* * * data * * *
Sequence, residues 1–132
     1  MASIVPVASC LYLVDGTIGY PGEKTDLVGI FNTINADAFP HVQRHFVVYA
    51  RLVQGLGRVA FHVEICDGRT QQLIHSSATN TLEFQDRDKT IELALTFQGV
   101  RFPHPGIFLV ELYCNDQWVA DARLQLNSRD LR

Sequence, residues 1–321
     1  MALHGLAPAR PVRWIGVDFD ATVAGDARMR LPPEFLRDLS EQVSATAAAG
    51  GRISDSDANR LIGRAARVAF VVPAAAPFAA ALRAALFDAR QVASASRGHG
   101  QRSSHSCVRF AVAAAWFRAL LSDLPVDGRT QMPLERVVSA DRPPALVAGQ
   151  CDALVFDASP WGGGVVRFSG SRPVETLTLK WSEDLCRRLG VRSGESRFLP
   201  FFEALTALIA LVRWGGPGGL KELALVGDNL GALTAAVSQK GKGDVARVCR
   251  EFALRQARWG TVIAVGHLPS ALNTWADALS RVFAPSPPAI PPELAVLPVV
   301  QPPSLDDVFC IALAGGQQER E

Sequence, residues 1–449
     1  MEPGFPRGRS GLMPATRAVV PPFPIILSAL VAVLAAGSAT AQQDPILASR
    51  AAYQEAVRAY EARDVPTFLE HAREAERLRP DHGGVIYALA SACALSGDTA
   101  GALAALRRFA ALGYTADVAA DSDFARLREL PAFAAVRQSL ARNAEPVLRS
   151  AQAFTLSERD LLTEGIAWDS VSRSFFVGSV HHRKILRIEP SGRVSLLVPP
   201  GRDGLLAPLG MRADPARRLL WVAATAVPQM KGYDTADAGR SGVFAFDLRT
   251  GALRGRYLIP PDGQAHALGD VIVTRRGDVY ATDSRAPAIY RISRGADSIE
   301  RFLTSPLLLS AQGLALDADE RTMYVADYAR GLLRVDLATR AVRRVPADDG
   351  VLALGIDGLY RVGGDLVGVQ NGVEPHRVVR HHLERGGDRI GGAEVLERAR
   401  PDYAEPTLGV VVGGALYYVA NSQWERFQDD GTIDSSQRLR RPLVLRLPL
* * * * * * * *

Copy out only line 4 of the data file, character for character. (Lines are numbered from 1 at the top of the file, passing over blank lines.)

   101  RFPHPGIFLV ELYCNDQWVA DARLQLNSRD LR